Chaya comes to the blind date with a long list of questions to ask Leizer. I know exactly what I want. Her first question, however, is not one she had come prepared with. When Leizer decides he no longer needs his wingman, he whips out his phone and pretends his mother is calling him. His fake Yiddish conversation with his mom is actually his telling Chaimie to get lost. Not amused, Chaya takes out her phone and fakes a conversation with her mother… in Yiddish!
Documentation of this lore, while limited, appears in a variety of linguistic and folkloristic sources dating from the early twentieth century. Bernstein explains that the Yiddish term for Christmas, nitl, is derived from the Latin natalis birth. Nitl was the most frequent and widespread term, used throughout Europe and sometimes regarded as a scholarly term. Most other Yiddish words for Christmas are distinctive to a particular region and usually derived from a local non-Jewish language: vaynakht cf.
Amanda (Miryem-Khaye) Seigel. The New York Public Library’s Digital Collection includes Yiddish theatre posters dating back more than a hundred years.
Uriel Weinreich, a legendary linguist who studied Yiddish and language contact. Yiddish poster announcing a protest and meeting in Mexico, Yiddish has historically been the language of the Ashkenazim, the Jews of Central and Eastern Europe and their descendants around the world. At its peak, in the years immediately preceding the Holocaust, there were perhaps ten or eleven million Yiddish speakers worldwide, making Yiddish the most widely spoken Jewish language.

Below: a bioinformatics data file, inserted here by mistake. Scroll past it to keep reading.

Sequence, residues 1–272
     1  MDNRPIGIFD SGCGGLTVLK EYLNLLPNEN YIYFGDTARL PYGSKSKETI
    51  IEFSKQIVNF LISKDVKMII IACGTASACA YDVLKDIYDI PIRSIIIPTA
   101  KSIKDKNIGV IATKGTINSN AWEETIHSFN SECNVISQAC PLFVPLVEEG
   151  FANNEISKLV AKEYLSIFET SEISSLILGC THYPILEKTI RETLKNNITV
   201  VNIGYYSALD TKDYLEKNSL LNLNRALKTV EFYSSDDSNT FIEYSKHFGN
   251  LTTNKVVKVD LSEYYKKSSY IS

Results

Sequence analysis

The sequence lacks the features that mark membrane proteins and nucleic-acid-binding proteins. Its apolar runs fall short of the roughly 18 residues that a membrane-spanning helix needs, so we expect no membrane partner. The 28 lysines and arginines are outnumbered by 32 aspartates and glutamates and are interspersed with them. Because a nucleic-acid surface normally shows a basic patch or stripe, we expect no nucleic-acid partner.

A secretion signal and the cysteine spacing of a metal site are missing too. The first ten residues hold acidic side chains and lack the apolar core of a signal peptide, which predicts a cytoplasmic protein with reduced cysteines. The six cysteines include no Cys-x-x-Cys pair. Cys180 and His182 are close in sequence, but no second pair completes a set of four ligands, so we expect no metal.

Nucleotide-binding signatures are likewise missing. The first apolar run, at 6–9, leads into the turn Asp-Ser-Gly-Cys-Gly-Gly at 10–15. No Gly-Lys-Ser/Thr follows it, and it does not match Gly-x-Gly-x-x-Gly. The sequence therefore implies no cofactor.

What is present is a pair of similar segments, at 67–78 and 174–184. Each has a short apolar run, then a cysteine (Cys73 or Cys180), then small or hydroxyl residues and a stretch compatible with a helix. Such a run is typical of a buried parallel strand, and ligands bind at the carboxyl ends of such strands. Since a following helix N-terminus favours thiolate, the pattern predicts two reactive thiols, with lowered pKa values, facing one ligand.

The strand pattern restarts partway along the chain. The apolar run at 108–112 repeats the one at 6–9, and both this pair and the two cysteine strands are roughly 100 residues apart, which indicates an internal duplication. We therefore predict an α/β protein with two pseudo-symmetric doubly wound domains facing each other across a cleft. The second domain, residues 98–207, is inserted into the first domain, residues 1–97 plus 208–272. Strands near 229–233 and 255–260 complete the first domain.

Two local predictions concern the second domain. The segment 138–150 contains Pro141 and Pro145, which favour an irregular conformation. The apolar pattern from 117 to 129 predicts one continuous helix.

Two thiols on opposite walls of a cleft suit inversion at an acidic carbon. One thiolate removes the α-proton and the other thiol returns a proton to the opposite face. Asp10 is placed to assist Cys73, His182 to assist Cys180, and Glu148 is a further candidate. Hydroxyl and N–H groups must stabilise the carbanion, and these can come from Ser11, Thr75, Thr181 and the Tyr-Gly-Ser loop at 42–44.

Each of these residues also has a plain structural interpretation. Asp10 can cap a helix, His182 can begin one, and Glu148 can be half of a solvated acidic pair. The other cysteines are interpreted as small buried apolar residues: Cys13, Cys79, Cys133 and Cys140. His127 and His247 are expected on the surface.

As a combined result of genocide in Europe, cultural assimilation in America, and official and unofficial pressure to shift to Hebrew in Israel and Russian in the Soviet Union, today there are probably fewer than two million speakers, most of whom no longer use it as their primary language. With the rare exceptions of young Yiddish activists, it is only in certain Orthodox and Hasidic communities that Yiddish remains the language of everyday discourse and is still learned by children.
However, there has been a resurgence of interest in Ashkenazic culture generally in recent decades, and Yiddish courses are now offered by many universities and Jewish cultural organizations. The great Yiddish scholar Max Weinreich described it as a ‘fusion language’ that combines elements from Germanic, Slavic, Semitic, and other languages. This is certainly true, but most linguists would agree that at its core Yiddish is a West Germanic language, and thus a close cousin of English, and an even closer relative of German.